Of course, if your motivation for getting a job offer was to position yourself for a counteroffer, then you’re in the catbird’s seat — you can’t lose either way.
Or can you? Some employment experts point out that accepting a counteroffer is the equivalent of career suicide.
According to Paul Hawkinson, publisher of The Fordyce Letter, your acceptance of a counteroffer could very well blow up in your face.
Here’s how. Let’s say you announce your plans to leave your current job. This, in effect, blackmails your boss, who makes you a counteroffer only to keep you until he can find your replacement, at which point you’re dropped like a hot potato. In the meantime, the trusting relationship you’ve enjoyed with your current supervisors and peers abruptly ends, and your loyalty becomes forever suspect.
Is this sort of scenario accurate? I guess it depends. My experience has been mixed. That is, some of the candidates I’ve known who’ve accepted counteroffers have remained at their old jobs for years, and have smoothed over whatever difficulties caused their split in the first place.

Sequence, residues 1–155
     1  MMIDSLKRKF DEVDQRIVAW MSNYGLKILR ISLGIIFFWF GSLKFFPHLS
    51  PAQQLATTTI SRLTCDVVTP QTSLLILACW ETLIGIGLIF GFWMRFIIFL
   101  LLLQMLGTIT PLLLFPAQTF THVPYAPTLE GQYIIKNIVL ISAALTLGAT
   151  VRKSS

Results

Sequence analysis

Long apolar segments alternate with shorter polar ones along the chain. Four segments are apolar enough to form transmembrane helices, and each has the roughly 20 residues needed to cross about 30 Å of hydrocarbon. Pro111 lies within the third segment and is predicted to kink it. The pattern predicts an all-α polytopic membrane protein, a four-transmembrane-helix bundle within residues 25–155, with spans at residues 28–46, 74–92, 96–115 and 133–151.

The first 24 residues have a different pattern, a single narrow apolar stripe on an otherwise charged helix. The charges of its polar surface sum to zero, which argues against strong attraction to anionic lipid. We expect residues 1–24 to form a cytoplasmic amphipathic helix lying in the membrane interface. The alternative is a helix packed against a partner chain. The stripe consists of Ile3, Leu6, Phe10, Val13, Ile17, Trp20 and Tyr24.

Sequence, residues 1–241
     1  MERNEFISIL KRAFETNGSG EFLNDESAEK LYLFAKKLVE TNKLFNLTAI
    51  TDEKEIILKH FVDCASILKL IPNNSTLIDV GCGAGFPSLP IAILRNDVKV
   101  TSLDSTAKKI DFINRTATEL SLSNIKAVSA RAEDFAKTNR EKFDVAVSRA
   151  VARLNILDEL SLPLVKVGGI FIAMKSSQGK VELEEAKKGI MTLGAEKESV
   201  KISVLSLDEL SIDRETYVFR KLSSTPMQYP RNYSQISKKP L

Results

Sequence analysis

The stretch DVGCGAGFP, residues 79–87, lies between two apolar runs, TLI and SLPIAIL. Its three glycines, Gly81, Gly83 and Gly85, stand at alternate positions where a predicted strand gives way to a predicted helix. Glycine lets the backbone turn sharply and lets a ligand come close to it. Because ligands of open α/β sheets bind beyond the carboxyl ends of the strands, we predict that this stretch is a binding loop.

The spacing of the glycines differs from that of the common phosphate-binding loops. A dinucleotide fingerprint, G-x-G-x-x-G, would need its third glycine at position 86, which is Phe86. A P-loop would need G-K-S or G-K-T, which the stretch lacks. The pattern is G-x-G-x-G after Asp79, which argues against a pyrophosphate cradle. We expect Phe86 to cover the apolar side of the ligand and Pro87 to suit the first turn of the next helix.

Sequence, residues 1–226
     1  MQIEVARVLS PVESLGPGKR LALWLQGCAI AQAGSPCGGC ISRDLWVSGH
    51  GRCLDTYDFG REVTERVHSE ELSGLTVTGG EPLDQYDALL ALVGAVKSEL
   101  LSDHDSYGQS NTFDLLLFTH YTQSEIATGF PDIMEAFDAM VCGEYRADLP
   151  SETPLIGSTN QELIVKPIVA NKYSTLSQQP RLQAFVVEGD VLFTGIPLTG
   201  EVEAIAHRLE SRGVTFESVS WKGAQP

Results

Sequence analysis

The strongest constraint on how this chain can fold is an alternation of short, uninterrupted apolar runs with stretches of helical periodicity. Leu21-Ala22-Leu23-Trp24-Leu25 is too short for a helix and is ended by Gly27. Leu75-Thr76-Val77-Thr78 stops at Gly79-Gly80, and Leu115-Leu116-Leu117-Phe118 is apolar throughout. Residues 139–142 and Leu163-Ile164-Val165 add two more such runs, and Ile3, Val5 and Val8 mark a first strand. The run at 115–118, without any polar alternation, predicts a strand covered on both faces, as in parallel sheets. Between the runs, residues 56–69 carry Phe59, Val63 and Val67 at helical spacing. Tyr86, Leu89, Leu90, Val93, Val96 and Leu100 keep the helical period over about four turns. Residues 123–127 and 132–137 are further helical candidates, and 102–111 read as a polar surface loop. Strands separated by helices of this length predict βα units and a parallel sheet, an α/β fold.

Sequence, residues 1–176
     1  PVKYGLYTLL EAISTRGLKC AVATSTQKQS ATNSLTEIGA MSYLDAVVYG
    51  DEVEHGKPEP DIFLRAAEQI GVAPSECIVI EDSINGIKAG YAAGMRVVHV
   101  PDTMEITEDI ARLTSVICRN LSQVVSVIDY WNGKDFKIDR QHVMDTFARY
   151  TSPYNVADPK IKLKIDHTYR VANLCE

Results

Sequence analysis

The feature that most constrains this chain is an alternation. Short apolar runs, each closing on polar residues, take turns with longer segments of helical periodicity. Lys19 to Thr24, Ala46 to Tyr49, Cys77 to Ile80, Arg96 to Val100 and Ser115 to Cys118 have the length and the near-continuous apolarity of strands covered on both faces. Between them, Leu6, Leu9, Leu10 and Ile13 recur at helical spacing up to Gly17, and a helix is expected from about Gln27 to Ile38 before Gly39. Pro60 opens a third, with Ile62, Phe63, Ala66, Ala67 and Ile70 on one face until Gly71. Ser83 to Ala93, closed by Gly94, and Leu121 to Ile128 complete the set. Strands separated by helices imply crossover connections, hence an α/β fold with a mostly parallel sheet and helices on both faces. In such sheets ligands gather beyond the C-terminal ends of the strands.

It’s precisely for this reason that I’m so cautious when I work with currently employed job seekers. I want to feel confident that their motives are pure before we both invest a lot of time and energy in testing the market.
However, there’s a lot of evidence to support the theory that candidates who accept counteroffers become damaged goods once they’ve been herded back into the fold.